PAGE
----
Inga sp.2 Fabaceae Es 1 1.09 0.48 0.41 0.06 0.61 - - - - - -
Inga thibaudiana D.C Fabaceae Es 1 1.09 0.48 0.41 0.06 0.61 - - - - - -
Swartizia apetala Raddi Fabaceae Es 1 1.12 0.50 0.41 0.09 0.61 - - - - - -
Vismia guianensis (Aubl) Choi Hypericaceae P - - - - - - 1 1.40 0.55 0.46 0.09 0.85
Lacistema robustum Schinizl. Lacistemataceae P 1 1.09 0.48 0.41 0.06 0.61 - - - - - -
Cinnamomum sp. Lauraceae Ls - - - - - - 1 1.40 0.55 0.46 0.09 0.85
Nectrandra membranaceae Griseb. Lauraceae Ls 3 3.64 2.41 1.24 1.16 1.23 3 4.09 2.40 1.38 1.02 1.69
Ocotea corymbosa (Meisn.) Mez. Lauraceae Es 2 3.56 2.33 0.83 1.5 1.23 1 1.55 0.71 0.46 0.25 0.85
Ocotea dyospirifolia (Meisn.) Mez. Lauraceae Es 1 2.11 1.50 0.41 1.08 0.61 - - - - - -
Ocotea glomerata (Ness.) Mez. Lauraceae Es 4 4.83 2.38 1.66 0.72 2.45 10 8.39 5.85 4.61 1.24 2.54
Ocotea nítida (Meisn.) Rohwer Lauraceae Ls 5 4.99 2.53 2.07 0.46 2.45 12 18.27 12.34 5.53 6.81 5.93
Ocotea sp.1 Lauraceae Es 1 1.15 0.54 0.41 0.12 0.61 - - - - - -
Ocotea sp.2 Lauraceae Es 1 1.09 0.48 0.41 0.06 0.61 2 3.07 1.38 0.92 0.46 1.69
Eschweilera tetrapetala Mori Lecythidaceae Ls 6 6.53 4.07 2.49 1.58 2.45 49 42.31 32.99 22.58 10.4 9.32
Byrsonima crassifolia (L.) Kun Malpighiaceae Ls - - - - - - 1 1.66 0.82 0.46 0.35 0.85
Byrsonima sericea DC. Malpighiaceae Es 3 4.24 2.4 1.24 1.16 1.84 1 1.55 0.71 0.46 0.25 0.85
Byrsonima sp. Malpighiaceae Es 3 4.24 2.4 1.24 1.16 1.84 - - - - - -
Eriotheca gracilipes (K. Schum.) A. Robyns Malvaceae Es 1 1.15 0.54 0.41 0.12 0.61 - - - - - -
Miconia holosericea (L.) DC. Melastomataceae P 8 8.02 4.34 3.32 1.02 3.68 - - - - - -
Miconia rimalis Naudin. Melastomataceae P 8 7.13 4.07 3.32 0.75 3.07 - - - - - -
Calyptranthes lucida DC. Myrtaceae Es 3 3.30 1.46 1.24 0.21 1.84 - - - - - -
Egenia laxa DC. Myrtaceae Es 1 1.12 0.50 0.41 0.09 0.61 - - - - - -
Eugenia sp. Myrtaceae Es 3 2.04 1.43 1.24 0.18 0.61 - - - - - -
Myrcia detergens Miq. Myrtaceae Es 9 8.54 4.86 3.73 1.12 3.68 5 5.27 7.73 2.3 0.43 2.54
Myrcia fallax (Rich.) DC. Myrtaceae Es 2 2.30 1.08 0.83 0.25 1.23 - - - - - -
Myrcia obovata (Berg) Niedenzu Myrtaceae Es 1 1.09 0.48 0.41 0.06 0.61 2 2.86 1.17 0.92 0.25 1.69
Myrciaria dubia (H.B.K.) McVa Myrtaceae Es - - - - - - 1 1.4 0.55 0.46 0.09 0.85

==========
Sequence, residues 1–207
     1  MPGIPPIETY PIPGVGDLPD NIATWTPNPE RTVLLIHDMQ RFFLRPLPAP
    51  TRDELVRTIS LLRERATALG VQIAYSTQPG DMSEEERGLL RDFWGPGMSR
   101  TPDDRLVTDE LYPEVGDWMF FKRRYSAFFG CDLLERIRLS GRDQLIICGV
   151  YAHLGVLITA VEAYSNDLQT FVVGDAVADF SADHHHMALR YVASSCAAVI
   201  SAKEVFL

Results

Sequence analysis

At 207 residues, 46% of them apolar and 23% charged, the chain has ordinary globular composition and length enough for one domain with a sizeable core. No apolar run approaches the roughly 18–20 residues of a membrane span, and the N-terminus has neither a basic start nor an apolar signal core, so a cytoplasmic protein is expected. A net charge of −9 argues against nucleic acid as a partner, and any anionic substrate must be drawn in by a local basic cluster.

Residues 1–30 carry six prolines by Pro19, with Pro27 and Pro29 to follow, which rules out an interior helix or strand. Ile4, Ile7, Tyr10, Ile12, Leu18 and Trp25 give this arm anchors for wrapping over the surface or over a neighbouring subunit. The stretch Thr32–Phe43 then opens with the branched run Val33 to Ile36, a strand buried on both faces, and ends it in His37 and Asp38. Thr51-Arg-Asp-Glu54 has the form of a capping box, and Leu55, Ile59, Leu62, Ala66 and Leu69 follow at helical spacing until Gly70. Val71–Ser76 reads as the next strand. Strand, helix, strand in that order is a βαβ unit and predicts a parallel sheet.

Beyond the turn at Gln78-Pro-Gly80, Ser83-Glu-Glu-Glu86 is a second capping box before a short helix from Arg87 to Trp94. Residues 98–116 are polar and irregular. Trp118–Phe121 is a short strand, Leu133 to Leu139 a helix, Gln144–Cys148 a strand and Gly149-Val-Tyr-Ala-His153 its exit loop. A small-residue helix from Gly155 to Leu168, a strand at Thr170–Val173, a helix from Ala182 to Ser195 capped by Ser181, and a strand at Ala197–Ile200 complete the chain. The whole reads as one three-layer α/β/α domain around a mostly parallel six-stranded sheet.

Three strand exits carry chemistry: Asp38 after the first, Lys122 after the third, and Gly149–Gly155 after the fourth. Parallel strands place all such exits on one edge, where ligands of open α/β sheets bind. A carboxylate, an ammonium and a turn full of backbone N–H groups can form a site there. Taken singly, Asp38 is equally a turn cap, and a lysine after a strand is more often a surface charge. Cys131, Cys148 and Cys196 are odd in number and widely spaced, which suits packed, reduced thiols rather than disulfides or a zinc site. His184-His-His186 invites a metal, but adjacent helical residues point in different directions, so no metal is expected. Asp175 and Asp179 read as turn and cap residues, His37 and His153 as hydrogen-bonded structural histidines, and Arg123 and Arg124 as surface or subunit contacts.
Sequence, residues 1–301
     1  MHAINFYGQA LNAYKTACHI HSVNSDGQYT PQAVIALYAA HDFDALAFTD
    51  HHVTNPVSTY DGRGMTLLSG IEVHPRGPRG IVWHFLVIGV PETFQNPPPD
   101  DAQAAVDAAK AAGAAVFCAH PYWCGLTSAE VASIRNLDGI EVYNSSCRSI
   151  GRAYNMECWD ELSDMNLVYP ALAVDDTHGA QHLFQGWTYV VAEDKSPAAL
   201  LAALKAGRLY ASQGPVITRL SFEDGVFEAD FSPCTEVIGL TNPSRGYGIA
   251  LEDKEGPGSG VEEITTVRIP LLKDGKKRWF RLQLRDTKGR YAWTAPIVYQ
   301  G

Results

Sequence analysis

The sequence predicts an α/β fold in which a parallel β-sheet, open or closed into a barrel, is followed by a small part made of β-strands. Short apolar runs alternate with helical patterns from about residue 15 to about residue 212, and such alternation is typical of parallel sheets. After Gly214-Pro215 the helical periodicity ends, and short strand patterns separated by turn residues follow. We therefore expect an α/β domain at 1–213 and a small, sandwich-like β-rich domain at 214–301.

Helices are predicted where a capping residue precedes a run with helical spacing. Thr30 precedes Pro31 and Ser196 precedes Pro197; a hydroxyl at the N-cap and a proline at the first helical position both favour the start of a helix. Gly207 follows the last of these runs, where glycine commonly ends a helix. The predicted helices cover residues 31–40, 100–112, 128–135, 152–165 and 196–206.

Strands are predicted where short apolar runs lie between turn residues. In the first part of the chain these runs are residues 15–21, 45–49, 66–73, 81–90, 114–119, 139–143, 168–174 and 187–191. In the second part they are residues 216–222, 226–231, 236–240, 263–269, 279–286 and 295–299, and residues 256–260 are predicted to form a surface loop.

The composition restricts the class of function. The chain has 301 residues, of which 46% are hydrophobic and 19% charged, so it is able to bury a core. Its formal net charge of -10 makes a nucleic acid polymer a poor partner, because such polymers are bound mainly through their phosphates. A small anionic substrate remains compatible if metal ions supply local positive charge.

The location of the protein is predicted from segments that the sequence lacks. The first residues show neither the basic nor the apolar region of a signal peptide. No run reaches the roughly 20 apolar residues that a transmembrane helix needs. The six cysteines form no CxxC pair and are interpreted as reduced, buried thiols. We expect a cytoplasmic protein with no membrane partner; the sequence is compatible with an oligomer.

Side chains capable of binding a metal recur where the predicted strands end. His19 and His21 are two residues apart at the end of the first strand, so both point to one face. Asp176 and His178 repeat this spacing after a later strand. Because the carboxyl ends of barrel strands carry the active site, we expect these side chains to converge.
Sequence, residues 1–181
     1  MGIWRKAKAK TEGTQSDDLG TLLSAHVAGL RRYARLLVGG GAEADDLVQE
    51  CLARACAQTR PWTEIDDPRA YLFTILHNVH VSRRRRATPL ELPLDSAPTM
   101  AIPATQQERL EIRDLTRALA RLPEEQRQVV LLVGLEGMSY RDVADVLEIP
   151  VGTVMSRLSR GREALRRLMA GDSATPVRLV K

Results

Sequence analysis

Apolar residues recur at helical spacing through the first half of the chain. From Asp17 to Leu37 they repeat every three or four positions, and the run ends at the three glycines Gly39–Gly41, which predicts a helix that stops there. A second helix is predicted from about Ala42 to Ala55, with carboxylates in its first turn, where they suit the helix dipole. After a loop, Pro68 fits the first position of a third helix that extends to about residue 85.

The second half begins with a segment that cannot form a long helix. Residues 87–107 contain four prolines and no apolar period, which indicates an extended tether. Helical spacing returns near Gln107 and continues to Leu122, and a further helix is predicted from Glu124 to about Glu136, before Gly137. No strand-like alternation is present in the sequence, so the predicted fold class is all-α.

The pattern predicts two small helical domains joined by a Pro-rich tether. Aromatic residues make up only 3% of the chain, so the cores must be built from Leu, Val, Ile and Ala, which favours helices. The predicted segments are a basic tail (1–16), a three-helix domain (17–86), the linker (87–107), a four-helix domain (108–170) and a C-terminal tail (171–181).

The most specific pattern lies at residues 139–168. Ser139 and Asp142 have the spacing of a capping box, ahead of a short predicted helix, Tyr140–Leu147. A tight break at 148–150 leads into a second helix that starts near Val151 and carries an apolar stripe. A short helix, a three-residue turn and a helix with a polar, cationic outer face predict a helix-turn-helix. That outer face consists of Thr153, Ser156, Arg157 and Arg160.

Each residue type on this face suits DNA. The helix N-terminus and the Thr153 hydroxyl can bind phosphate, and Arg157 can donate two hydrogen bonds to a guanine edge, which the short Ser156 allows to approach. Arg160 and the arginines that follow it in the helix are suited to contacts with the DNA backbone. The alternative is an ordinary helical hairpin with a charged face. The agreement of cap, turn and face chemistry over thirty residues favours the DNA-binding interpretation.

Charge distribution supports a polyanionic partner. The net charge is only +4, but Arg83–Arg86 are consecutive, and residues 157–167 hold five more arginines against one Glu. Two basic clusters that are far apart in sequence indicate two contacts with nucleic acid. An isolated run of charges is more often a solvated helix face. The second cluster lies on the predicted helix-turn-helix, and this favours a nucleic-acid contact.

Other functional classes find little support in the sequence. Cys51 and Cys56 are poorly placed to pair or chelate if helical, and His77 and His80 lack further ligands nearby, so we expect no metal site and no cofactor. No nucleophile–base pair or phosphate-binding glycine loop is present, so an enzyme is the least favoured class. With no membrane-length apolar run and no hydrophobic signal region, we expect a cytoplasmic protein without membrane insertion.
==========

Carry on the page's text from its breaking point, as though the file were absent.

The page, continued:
Psidium brawniannum DC. Myrtaceae Es - - - - - - 5 6.36 2.97 2.3 0.67 3.39
Heisteria perianthomiga (Vell.) Sleumer Olacaceae Es 1 1.12 0.50 0.41 0.09 0.61 - - - - - -
Schoepfia obliquifolia Turcz. Olacaceae Es 1 1.09 0.48 0.41 0.06 0.61 2 2.31 1.46 0.92 0.54 0.85
Euplassa sp. Proteaceae Es 1 1.09 0.48 0.41 0.06 0.61 - - - - - -
Hortia arborea Engl. Rutaceae P - - - - - - 1 2.39 1.55 0.46 1.09 0.85
Casearia arborea (Rich.) Urb. Salicaceae Es 2 2.18 0.95 0.83 0.15 1.23 8 6.8 4.26 3.69 0.57 2.54
Casearia commersonianaCambess. Salicaceae Ls 3 3.35 1.51 1.24 0.27 1.84 - - - - - -
Cupania oblongifolia Mart. Sapindaceae Es 2 2.21 0.98 0.83 0.15 1.23 1 1.37 0.52 0.46 0.06 0.85
Micropholis gardneriana (DC.) Pierre Sapotaceae Es 27 22.48 15.73 11.2 4.53 6.75 14 13.8 9.56 6.45 3.11 4.24
Pouteria ramiflora (DC.) Pierre Sapotaceae Ls 9 13.45 9.77 3.73 6.04 3.68 12 15.45 9.52 5.53 3.99 5.93
Pouteria torta (DC.) Pierre Sapotaceae Ls 6 10.91 9.69 2.49 7.2 1.23 3 4.33 1.79 1.38 0.41 2.54
Simarouba amara Aubl. Simaroubaceae P - - - - - - 1 1.67 0.82 0.46 0.36 0.85
Siparuna guianensis Aubl. Simaroubaceae Ls 3 3.61 1.77 1.24 0.52 1.84 2 2.05 0.82 0.92 0.28 0.85
Simplocos nitens (Pohl.) Benth. Simplocaceae Ls 2 2.23 1.01 0.83 0.18 1.23 - - - - - -
Qualea sp. Vochysiaceae Es 1 1.4 0.78 0.41 0.37 0.61 - - - - - -
Undetermined 1 und 1 Sc 1 2.56 1.95 0.41 1.53 0.61 - - - - - -
Undetermined 2 und 2 Ls - - - - - - 1 2.87 2.02 0.46 1.56 0.85
Undetermined 3 und 3 Ls - - - - - - 3 9.38 7.69 1.38 6.31 1.69
Undetermined 4 und 4 Sc - - - - - - 1 2.73 1.88 0.46 1.42 0.85

When the edge and inner fragment were compared (Tab.2), even though 26 species were shared by these two environments, the floristic composition varied significantly (F = 5.221; p = 0.0239), as did diversity (Hutcheson's t = 2.40; p = 0.018). However, no variation was observed in proportions of successional categories (Fspecies = 0.152; p = 0.7135 and Findividuals = 0.039; p = 0.8501). A significant difference was observed between the edge and inner fragment in height but only in the class of trees between 10 m and 15 m in height (F = 6.703; p = 0.0158). However, these environments did not differ in DBH (F = 0.17; p = 0.69), D (F = 1.137; p = 0.296), and area at ground level (F = 1.45; p = 0.242), in spite of the presence of outliers (Fig. 1). In the two environments, the DBH distribution curve (Fig. 2) indicates that a higher number of individuals lie in the classes denoting larger diameters. Extreme diameter values were recorded in the edge for Hymenolobium janeirense var. stipulatum (63.4 cm), Aspidosperma discolor (48.4 cm), and Pouteria ramiflora (38.2 cm) and in the inner fragment for Copaifera langsdorffii (63.4 cm), Maytenus robusta (54.1 cm), and undetermined individual 3 (47.8 cm), which are the outliers shown in the box plot (Fig. 1). Most arboreal individuals did not exceed 10 m in height (Fig. 3). Extreme values were recorded for Hymenolobium janeirense var. stipulatum (26 m) and Hirtella glandulosa (25 m) in the edge and Copaifera langsdorffii (22 m) and Maprounea guianensis (20 m) in the inner fragment.